Saturday, April 11, 2015

WMB Hoosier Heartland Justice Partners Was Only Eligible Bid For Marion County Criminal Justice Center Project

If you wanted yet more proof the bidding process for the Marion County criminal justice center was a rigged bidding process, check out the IBJ's story in the latest edition where Kathleen McLaughlin reports in a matter-of-fact manner WMB Hoosier Hearland Justice Patners' winning bid was the only eligible bid the Ballard administration received. That's because the RFP contained an upset limit of $50 million for annual service payments the City could afford to pay to the winning bidder. The other two bidders, Indy Justice Partners and Plenary Edgemoor Justice Partners, submitted bids above the upset limit. Plenary's bid of $67.1 million exceeded the upset limit by more than 34%, while Indy Justice Partner's $53.7 million exceeded it by 7.4%. Still, the two losing bidders get $1.5 million from the City for participating in the faux bidding process.

McLaughlin's story notes the Ballard administration omitted the fact that the two losing bidders submitted bids exceeding the upset limit set out in the RFP when it announced the winning bid last November. Deputy Mayor for Economic Development Adam Collins assured McLaughlin that Indy Justice Partners was close enough to the upset limit that it could have theoretically still won the bid if WMB had come up short in other areas, which was never going to happen since everyone knew going into the bid WMB was going to be the winning bidder. Collins sought to attribute WMB's initial annual service payment bid of $46.8 to the valuable assistance their team received by including locally-based Keramida as its environmental consultant since each bidder had to assess the risk associated with building on a brownfield site.

Keramida, of course, hired Mitch Roob, a crony of Mitch Daniels and Steve Goldsmith, just last year while the bidding teams were still competing against one another for the right to build, operate and maintain the criminal justice center under a public-private partnership agreement. Goldsmith introduced P3 agreements to Indianapolis in a big way during his two terms as mayor under the guise of cost savings that never lived up to their billing, although Goldsmith has enjoyed a lucrative, post-mayoral career consulting on P3 agreements for companies like ACS/Xerox, to which the corrupt Ballard administration handed control of the City's parking meter assets for the next 50 years. Goldsmith has been a frequent visitor to the mayor's office since Ballard became mayor, although he's never registered as a lobbyist.

What McLaughlin's story fails to mention is that the GM Stamping Plant site where the City is proposing to build the new criminal justice center was acquired last year from RACER Trust by REI Investments, which is controlled by Mike Wells, another political crony of former Mayor Steve Goldsmith, who made off like a bandit on insider deals during Goldsmith's tenure. Ballard appointed Wells as president of the Indianapolis International Airport Authority, another plum mayoral appointment always reserved for political insiders who get rich off their crony relationships with Indianapolis mayors, REI's purchase of the GM Stamping Plant site is conditioned upon the sale of at least half of the property to the City for the proposed criminal justice center. REI is brokering a deal with the Pence administration to sell 35 acres of land on the same site adjacent to the river to White River State Park so another Goldsmith crony, Dave Lucas, can build an outdoor concert venue on the site. Lucas' Sunshine Promotions developed what is now known as Klipsch Music Center in Noblesville.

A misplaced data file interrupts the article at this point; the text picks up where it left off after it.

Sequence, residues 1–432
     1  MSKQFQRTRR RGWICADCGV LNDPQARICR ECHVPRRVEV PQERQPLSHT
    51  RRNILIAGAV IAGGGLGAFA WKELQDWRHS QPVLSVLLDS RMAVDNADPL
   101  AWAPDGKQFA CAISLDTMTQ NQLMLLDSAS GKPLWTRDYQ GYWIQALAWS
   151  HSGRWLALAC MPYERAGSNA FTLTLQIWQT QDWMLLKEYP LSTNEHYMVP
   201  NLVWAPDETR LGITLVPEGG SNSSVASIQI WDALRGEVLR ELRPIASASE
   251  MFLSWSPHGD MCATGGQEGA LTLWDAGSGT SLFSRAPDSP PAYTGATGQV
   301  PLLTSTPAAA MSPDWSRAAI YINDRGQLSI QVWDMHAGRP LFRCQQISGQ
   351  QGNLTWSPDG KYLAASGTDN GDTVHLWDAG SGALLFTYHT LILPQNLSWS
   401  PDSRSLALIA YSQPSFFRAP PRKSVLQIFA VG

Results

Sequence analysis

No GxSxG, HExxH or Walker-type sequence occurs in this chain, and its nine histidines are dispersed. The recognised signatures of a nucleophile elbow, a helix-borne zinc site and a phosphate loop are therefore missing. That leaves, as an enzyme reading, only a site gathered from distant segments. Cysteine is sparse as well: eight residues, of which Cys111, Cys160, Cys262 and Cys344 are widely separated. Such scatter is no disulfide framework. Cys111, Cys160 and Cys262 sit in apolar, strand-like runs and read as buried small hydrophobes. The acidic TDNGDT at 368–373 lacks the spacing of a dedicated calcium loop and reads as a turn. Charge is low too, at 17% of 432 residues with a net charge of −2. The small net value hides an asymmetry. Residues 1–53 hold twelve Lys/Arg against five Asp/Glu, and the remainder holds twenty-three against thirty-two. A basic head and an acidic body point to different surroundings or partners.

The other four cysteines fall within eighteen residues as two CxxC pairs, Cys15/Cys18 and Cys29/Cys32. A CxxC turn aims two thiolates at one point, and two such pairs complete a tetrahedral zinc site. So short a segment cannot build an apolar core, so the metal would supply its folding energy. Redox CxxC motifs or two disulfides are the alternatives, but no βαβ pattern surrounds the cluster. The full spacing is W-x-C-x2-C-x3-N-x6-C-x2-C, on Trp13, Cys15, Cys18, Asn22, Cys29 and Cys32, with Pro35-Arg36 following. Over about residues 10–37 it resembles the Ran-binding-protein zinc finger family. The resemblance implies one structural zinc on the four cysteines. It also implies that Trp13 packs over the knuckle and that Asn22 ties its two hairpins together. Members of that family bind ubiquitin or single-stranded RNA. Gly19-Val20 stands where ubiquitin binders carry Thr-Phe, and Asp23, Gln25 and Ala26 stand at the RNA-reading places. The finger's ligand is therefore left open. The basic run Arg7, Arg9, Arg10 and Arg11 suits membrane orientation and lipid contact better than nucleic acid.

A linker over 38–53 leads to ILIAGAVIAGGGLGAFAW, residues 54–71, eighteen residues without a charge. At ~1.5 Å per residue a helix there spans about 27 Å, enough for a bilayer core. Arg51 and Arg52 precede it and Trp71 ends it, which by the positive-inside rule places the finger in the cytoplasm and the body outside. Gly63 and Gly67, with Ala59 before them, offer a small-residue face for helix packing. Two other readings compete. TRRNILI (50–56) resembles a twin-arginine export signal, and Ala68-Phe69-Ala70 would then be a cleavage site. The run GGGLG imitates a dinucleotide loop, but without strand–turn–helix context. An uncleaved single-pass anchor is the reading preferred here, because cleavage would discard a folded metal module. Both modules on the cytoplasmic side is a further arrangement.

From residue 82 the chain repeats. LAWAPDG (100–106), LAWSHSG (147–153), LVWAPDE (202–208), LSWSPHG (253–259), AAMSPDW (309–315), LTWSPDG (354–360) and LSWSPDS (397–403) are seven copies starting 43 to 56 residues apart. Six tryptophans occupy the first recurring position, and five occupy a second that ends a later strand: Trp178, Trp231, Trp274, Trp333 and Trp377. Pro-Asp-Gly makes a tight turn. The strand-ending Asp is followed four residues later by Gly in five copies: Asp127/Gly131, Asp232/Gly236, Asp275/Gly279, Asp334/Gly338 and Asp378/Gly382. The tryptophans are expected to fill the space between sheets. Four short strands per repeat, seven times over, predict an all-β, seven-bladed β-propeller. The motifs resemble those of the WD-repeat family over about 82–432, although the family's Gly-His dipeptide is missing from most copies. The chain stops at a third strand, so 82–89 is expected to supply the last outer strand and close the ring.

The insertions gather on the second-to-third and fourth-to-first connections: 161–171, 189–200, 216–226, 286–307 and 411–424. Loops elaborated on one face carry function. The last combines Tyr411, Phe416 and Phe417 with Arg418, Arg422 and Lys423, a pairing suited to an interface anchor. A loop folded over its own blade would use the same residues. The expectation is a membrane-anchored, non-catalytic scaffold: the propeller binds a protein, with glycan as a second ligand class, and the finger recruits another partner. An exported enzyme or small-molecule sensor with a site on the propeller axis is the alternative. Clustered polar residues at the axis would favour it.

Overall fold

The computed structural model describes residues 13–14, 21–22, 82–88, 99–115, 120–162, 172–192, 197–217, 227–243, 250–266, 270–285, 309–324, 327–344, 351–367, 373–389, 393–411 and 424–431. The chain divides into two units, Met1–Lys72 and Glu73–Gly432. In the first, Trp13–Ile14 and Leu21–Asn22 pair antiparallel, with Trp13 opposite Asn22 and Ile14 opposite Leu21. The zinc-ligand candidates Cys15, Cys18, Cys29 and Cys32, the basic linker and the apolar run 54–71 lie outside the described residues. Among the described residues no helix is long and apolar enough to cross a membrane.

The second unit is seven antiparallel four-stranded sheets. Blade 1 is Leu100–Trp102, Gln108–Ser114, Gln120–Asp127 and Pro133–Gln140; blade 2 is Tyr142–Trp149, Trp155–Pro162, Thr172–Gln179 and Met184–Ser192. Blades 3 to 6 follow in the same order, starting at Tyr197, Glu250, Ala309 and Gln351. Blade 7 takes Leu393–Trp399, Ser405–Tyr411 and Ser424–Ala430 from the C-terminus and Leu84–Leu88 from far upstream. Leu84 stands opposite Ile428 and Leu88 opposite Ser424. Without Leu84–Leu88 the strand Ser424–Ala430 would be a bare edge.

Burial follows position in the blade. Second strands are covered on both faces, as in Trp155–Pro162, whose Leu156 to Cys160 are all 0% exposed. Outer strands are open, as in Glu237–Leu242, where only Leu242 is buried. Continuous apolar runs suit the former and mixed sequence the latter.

The Ballard administration continues to lie to the public by making the absurd claim the City will achieve cost savings and actually pay less in annual service payments to the private vendor for a brand new criminal justice center than it pays to operate and maintain existing criminal court and county jail facilities. One of the ways it plans to save money is to get out from under Goldsmith's privatized Jail II contract, which costs the City about $18 million a year in service payments to private jail operator CCA. The City paid KPMG $3 million to perform the financial analysis upon which the City relied to recommend the P3 approach for procuring a new criminal justice center. Under the terms of its contract with the City, its fees triple if the City goes forward with the deal. A council study revealed the KPMG financial analysis was intentionally skewed to make the P3 approach look more favorable. In reality, the City will fall tens of millions of dollars short in the first nine years, forcing the City to either raise taxes, most likely property taxes, or impose steep budget cuts. The administration continues to press the council to approve the deal, which a rubber stamp review committee recommended be approved earlier this week on a 4-1 vote, by the end of this month. So many bribes, payoffs and kickbacks are on the line, after all, the taxpayers be damned.

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